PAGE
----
Peptic Ulcers: Everything You Need To Know About Them
Like the sores in your mouth, you may develop a sore on the lining of your stomach or duodenum. This is known as a peptic ulcer. If found above your stomach in your oesophagus, it’s known as an oesophageal ulcer.
Causes of Peptic Ulcer
Long-term use/misuse of OTC drugs
A bacterial infection caused by Helicobacter Pylori
Cancerous or non-cancerous tumours in the stomach, duodenum or pancreas (although this is rare)
Signs & Symptoms
A dull or burning pain in the stomach between your belly button and breast bone triggered typically by acid reflux. The pain may be intermittent or recurring and could last upto a day.
Feeling bloated, typically after a meal
Increased burping and flatulence
Nausea and uneasiness in the stomach
Unexplained weight loss
Critical Signs & Symptoms
It’s important to treat a peptic ulcer in its nascent stage because it’s an underlying condition that may appear to be dormant but continues to worsen within the body. The following signs are clear red flags that you must visit a doctor:
Sharp pain in the stomach at a particular spot
Feeling weak, fatigues, faint
Shortness of breath
Blood in vomit that looks coagulated
Red or black stools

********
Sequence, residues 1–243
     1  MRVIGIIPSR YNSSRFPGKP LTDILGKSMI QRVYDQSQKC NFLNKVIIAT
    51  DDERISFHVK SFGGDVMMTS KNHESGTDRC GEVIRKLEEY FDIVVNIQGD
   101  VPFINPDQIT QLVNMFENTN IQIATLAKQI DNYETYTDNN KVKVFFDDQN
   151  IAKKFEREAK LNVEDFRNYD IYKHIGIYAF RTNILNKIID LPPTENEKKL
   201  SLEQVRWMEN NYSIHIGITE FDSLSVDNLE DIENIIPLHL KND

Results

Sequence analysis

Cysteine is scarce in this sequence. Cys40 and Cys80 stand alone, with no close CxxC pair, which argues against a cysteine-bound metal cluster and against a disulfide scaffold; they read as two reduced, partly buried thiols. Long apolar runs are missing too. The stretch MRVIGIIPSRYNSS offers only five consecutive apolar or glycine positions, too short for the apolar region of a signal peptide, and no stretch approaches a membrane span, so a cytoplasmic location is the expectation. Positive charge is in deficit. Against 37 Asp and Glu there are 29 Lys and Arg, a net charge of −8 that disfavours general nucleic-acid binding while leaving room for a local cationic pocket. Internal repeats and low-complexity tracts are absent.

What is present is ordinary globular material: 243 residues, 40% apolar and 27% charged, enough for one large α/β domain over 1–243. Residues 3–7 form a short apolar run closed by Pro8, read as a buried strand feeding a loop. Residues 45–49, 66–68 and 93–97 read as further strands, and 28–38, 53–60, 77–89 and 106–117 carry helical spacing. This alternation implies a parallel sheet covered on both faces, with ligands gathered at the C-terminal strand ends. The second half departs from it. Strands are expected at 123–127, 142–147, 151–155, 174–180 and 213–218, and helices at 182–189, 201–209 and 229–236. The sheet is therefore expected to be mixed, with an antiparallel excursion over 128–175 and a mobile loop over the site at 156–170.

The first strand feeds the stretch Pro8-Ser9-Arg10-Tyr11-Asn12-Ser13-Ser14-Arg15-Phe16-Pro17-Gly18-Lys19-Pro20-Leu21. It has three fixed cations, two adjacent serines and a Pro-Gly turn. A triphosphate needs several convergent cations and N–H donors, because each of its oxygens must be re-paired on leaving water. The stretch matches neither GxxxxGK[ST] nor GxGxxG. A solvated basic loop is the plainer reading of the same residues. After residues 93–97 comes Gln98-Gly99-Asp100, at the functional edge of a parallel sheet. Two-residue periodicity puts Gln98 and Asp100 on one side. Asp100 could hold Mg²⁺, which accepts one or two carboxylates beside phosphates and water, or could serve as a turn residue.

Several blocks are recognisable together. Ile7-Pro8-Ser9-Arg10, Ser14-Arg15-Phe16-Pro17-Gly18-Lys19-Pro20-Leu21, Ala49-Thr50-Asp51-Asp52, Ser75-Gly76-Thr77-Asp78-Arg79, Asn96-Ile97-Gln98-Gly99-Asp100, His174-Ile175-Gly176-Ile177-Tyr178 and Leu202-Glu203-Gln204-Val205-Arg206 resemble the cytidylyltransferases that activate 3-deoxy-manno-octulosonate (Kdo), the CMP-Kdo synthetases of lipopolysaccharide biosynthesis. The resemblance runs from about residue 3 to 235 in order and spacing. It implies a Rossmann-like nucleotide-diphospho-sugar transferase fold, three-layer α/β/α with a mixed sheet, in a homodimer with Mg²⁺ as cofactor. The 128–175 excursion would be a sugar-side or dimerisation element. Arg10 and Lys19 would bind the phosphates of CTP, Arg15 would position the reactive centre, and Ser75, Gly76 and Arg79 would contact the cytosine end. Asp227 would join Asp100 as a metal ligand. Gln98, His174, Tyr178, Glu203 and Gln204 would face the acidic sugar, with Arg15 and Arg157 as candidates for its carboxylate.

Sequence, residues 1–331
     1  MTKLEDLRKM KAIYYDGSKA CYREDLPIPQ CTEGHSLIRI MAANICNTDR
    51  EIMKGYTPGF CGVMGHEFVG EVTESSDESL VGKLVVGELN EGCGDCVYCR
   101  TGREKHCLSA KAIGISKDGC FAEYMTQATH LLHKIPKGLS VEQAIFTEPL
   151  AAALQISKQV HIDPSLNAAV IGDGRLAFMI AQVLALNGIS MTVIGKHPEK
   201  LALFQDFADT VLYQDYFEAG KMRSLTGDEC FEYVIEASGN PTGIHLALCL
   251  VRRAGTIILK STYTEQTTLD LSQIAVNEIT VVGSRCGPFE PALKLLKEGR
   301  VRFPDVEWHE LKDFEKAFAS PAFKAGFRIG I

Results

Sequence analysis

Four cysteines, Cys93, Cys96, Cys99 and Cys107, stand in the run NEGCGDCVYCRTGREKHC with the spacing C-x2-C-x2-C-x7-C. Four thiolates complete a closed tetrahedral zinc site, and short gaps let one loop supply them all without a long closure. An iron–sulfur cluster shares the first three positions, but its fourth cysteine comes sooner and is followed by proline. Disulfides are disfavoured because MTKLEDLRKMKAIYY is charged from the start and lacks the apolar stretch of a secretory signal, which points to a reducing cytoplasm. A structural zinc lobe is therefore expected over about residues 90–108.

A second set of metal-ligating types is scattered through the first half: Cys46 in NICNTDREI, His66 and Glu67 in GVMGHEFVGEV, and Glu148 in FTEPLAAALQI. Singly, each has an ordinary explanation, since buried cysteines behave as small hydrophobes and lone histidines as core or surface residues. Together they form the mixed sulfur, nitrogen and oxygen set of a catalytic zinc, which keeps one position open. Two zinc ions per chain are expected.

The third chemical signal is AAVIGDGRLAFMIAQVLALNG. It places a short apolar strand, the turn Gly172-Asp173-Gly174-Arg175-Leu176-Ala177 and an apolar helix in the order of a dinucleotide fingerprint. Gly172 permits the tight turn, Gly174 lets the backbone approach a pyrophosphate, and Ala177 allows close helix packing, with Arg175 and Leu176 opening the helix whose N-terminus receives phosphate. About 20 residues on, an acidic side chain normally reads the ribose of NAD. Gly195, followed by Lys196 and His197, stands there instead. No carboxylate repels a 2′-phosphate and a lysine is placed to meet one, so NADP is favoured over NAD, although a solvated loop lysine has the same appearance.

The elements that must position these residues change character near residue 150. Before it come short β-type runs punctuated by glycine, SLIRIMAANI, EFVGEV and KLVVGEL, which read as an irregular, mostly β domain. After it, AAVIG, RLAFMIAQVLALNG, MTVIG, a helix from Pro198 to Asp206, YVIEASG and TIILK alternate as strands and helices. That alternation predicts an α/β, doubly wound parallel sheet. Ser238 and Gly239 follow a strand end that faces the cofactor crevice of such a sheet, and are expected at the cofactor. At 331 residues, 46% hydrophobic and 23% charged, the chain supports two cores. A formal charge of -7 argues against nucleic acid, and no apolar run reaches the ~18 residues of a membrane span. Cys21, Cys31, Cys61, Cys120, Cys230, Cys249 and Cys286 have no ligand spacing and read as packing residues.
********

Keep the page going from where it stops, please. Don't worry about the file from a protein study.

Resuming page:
Treating a Peptic Ulcer
1) For peptic ulcers caused by use/misuse of OTC medicines your doctor may:
Discontinue, change the dosage, or substitute current OTC meds to alternatives that will not aggravate the peptic ulcer.
Prescribe antacids and medicines to coat, protect and heal your peptic ulcer. These may include proton pump inhibitors (PPI), protectants, and histamine receptor blockers.
2) For peptic ulcers induced by bacterial infections (H.pylori), your doctor may prescribe a regimented course of antibiotics:
Triple therapy course (7-14 days) of antibiotics clarithromycin, metronidazole or amoxicillin, and a PPI.
Quadruple therapy course (14 days) of antibiotics tetracycline, metronidazole, bismuth subsalicylate and a PPI. Recommend for those allergic to penicillin, or if the triple therapy has proved ineffective.
Sequential therapy course (10 days) of a PPI and amoxicillin for first 5 days, and a PPI, clarithromycin and antibiotic tinidazole for the next 5 days. The side effects may include:
Diarrhoea or darkened stools
Redness of skin, darkened tongue
Altered sense of taste
Vaginal yeast infections
Headaches and nausea
3) For peptic ulcers caused by cancerous and non-cancerous tumours your doctor may:
Prescribe medicines, antibiotics and recommend lifestyle changes
Suggest chemotherapy to treat Zollinger-Ellison syndrome
Eat small, frequent meals
Eat 2-3 hours before going to bed
Increase water intake
Avoid spicy food and meats
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The content made available on this site is for informational purposes only and is not intended to diagnose, treat, cure or prevent diseases in any way. BreathAndBeats.com, it’s team and it’s content partners strongly recommend that you consult a licensed medical practitioner for any medical or health condition.